Timing of Test Preparation: Wisely timed test preparation has been found to be one of the most important features of an effective test preparation program. Cramming is not nearly as effective as having well-spaced preparation with regular breaks between prep sessions. Audrey Devine-Eller of Grinnell College found that students who engage in test preparation for the first time during their senior year of high school may have started too late. This finding was affirmed in a 2015 study I conducted with Dr. Zabrucky and Dr. DeWayne Moore in which we found that starting SAT preparation earlier in the junior year positively affected SAT score increases.

Distributed Testing: Having breaks between sessions is an important component of learning, relearning, and retaining information. Spacing practice is superior to cramming practice.

Taking Practice Tests: For decades, researchers have found evidence that taking practice tests enhances retention, overall learning, and final test outcomes. Retrieving information during a test acts as a powerful memory enhancer, strengthening the memory of learned material for future retrieval events. Taking full-length practice SATs helps students assimilate strategies, improve mental endurance, enhance familiarity with the material, and gain confidence. In numerous studies, researchers have found clear benefits of practice tests and evidence that more practice yields greater returns.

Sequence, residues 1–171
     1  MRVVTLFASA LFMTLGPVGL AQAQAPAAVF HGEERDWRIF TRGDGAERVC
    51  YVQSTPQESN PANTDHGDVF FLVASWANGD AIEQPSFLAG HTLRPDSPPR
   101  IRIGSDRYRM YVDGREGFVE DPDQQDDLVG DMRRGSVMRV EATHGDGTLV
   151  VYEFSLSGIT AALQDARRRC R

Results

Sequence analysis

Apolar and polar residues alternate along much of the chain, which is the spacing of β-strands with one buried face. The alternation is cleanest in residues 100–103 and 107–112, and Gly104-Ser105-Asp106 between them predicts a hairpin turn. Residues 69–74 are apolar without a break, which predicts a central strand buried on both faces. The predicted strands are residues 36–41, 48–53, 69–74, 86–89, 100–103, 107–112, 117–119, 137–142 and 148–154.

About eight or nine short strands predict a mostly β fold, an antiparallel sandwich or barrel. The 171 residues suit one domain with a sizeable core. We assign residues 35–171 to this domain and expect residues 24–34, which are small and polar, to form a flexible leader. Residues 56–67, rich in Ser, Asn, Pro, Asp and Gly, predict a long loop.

Repeat Testing: Researchers Charles Clotfelter and Jacob Vigdor found that, just as students benefit from taking multiple practice tests, they also benefit from taking multiple official SATs. The mechanism is largely the same: sequential testing events increase familiarity, comfort, confidence and give corrective feedback to inform future preparation.

In 2015, research scientists at The College Board found that 64 percent of their sample of 150,377 students achieved their highest score on their final SAT. My investigation with Dr. Zabrucky and Dr. Moore found that students preparing for the SAT increased their scores an average of 22.62 points for every official SAT they took.

The growing body of academic research pertaining to the SAT informs us that students, parents, and high schools all contribute to student success on the SAT. Student choices — both in and out of school — matter, as does the manner in which they prepare for the SAT. Parents can have a positive impact on student outcomes through their attention to the college admissions process and through encouraging students to academically challenge themselves and participate in extracurricular activities.

When students prepare for the SAT, they must remember that time on task, or getting adequate exposure to the material, directly contributes to final outcomes. Other factors for successful SAT prep include spreading prep out over time, building in breaks, taking practice tests, taking multiple official tests, starting early enough to avoid being rushed, and using multiple, effective forms of test preparation. Familiarity with the material breeds confidence, lowers anxiety, and sets a student up for their greatest likelihood of success on the SAT.